Superior, WI (Northland's NewsCenter) -- Tuesday's Primary Election had many Wisconsin residents wondering how important their vote is.
It's said that "every vote counts" and that's been very evident in a series of recent close elections.
LeAnn Wallace has more on the recall and what's being done to ensure voter confidence throughout Wisconsin.
After protests and rallies across the state, and nearly 1 million signatures, the decision to recall, or "stand by" Governor Scott Walker is now in the hands of voters.
But as Wisconsin residents headed to the ballot box, some worry that a shadow of doubt was cast over the State's entire election system after last year's Supreme Court race between Justice David Prosser and JoAnne Kloppenburg resulted in a recount.
"What we found is that there were bags of ballots that were not secured, they there were computers that had vote returns on them that were taken home. There's been a lot of discussion about how to tighten up that process." said Kathleen Vinehout, democratic recall primary candidate.
Officials in Douglas County say those problems didn't happen here.
"I'm sure people are concerned, but Wisconsin's election integrity is so high that during the recount in Douglas County, I think the vote, when we recounted, the judge was only one vote difference," said Terri Kalan, Superior City Clerk.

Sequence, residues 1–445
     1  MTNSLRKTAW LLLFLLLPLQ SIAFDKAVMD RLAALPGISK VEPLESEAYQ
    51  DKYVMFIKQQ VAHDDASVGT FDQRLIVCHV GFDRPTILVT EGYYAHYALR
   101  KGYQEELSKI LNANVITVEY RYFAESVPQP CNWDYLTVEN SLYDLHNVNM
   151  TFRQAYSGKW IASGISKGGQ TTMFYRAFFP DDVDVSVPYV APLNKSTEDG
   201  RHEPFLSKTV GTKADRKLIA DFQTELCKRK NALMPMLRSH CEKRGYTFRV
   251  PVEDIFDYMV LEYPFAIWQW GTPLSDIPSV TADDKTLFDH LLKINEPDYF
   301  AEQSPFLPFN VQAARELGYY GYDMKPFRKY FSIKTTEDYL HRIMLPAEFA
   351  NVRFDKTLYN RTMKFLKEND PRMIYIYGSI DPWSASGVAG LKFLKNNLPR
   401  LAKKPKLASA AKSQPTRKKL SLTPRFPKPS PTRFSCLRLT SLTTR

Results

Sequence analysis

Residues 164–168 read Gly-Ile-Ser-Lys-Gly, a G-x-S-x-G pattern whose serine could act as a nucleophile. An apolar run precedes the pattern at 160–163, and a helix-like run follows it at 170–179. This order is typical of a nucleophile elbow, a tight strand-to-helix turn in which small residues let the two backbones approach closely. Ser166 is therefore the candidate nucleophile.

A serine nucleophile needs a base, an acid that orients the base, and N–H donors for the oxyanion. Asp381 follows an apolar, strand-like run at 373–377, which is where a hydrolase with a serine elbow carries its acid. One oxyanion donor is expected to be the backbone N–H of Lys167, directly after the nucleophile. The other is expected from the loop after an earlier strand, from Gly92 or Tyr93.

The gubernatorial recall election has forced local units of government across the state to scramble.
"This is new for the entire state of Wisconsin, new for the government accountability board, new for the legislature that set the laws," said Kalan.
New and expensive, When all is said and done, the recall will cost Douglas County alone an estimated $50,000.
And whatever the outcome, one thing is certain, the nation will be watching Wisconsin.
"This is huge, both in Wisconsin and nationally. It's going to be huge because the state is going to be deeply divided and it's clear that the recall could go either way." said History Professor Joel Sipress, UW-Superior.
Last year Wisconsin passed a law requiring voters to provide a picture identification before being allowed to vote.
But two judges issued injunctions preventing the Government Accountability Board from enforcing the photo ID requirements.
The Wisconsin Department of Justice has appealed the cases to the Wisconsin Supreme Court.
With the case pending photo IDs were not required for today's primary nor will you need to have a photo ID to vote in the June 5th recall election.